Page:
Passio an uplifting and memorable musical experiences

Passio combined the music of fifteenth century England and the twenty-first century.

Passio, a reinterpretation of Ricard Davy’s St Mathew Passion 
Auckland Arts Festival
Auckland Chamber Orchestra
Voices New ZealandChamber Choir
Auckland Arts Festival
Auckland Town Hall

Passio was an uplifting and memorable musical experiences combining the music of 15th century England and the 21st century in a retelling of the biblical story of the last days of Jesus. It was also a reflection on death, whether it be of the hero or merely of the common man. It was memorial to those unnaturally and unlawfully killed by the state.

More than 10 years ago, Jack Body, along with David Farquhar, Ross Harris, Lisa Meridan, Michael Norris and Gillian Whitehead combined to create a version of the 15th century British composer Richard Day’s Passio Domini Nostri Jesu Christe – using the St Mathew text.

Each of the composers was given a section of the work and produced material which integrated with the original music. In 2006 the work was performed once in the hall of Massey University in Wellington. For the Auckland Arts Festival, it had another remarkable performance.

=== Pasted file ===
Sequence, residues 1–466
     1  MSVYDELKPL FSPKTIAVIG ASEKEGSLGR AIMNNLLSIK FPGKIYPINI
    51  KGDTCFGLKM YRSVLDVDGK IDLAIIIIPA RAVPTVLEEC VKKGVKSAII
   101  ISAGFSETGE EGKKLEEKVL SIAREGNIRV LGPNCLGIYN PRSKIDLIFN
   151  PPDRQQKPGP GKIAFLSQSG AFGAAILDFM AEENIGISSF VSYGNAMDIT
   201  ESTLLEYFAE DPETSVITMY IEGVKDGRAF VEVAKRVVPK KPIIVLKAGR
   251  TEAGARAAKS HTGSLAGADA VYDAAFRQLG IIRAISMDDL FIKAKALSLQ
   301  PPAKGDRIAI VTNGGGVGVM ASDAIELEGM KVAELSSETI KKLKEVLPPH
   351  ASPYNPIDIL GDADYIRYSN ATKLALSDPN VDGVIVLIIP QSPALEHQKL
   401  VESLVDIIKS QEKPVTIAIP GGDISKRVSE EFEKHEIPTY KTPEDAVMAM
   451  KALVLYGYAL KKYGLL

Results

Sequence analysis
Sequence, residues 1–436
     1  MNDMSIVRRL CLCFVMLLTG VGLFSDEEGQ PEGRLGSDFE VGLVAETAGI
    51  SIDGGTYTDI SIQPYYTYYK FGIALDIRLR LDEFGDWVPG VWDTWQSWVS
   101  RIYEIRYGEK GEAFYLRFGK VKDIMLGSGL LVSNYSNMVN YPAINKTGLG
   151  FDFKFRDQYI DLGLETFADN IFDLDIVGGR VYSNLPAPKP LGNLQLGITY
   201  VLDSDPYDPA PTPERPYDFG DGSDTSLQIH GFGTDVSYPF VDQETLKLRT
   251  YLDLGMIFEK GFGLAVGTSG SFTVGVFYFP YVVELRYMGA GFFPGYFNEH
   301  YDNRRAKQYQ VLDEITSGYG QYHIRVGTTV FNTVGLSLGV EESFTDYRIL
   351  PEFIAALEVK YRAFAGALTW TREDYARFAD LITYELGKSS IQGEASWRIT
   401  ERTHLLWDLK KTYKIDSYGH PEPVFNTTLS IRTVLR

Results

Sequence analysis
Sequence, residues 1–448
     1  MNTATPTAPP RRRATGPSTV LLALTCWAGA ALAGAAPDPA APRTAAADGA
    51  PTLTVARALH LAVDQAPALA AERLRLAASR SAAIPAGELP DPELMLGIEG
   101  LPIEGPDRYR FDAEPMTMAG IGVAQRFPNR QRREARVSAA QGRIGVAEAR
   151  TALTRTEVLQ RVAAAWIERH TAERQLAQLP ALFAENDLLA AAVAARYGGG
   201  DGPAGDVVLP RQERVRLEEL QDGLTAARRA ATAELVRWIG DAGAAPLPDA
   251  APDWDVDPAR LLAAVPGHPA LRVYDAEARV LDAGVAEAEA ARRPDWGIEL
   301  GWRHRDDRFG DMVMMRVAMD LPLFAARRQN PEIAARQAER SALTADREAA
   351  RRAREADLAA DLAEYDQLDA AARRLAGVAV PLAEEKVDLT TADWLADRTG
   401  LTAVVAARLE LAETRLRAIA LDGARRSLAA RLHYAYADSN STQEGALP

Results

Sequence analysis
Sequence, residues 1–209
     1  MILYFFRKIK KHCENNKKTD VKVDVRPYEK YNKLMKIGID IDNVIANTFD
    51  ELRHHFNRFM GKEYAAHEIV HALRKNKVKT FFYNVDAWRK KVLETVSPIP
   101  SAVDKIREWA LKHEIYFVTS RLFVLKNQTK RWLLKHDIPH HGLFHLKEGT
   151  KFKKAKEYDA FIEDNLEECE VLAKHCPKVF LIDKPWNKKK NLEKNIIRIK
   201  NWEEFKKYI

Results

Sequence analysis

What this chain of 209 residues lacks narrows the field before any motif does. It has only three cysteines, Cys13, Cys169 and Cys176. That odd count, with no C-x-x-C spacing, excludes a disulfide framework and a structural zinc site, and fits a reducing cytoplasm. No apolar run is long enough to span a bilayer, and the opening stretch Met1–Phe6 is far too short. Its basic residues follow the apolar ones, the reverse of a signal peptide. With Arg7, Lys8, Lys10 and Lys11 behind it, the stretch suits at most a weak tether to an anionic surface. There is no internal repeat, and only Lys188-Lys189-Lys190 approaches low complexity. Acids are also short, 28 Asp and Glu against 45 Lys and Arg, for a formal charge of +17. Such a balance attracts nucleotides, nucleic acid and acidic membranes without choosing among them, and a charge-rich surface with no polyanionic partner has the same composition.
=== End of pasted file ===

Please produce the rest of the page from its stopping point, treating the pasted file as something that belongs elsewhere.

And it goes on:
The instrumentation was confined to brass and woodwind as well as a range of percussion instruments, which at times replicated the sounds and tones of an organ.

The instruments were spread through the auditorium of the Auckland Town hall with  groups of instruments in different locations while the choir was centrally located. Peter Scholes conducted the Auckland Chamber Orchestra while Karen Grylls directed Voices New Zealand.

The audience had been encouraged to move around the groups of players and the singers so in the darkened interior with the dust motes highlighted by spotlights there was a sense of what it might have been like to have been in an incense-laden cathedral interior with celebrants, clergy, choir and commoners moving slowly though the space.

The soloists, Lachlan Craig as St Mathew, Joel Amosa as Christ and Madeleine Peirard as the holy spirit were a trio of exceptional voices. Craig and Amosa provided an emotional weight to the biblical text with some distinctive well-articulated singing.

Madeleine Pierard, spotlit and singing from the organ, high above the audience gave an impressive display with her angelic voice and ethereal appearance.

The evening highlighted the talent available for such a performance as well as the calibre of the contemporary New Zealand composers and Passio is a work that should be performed more often.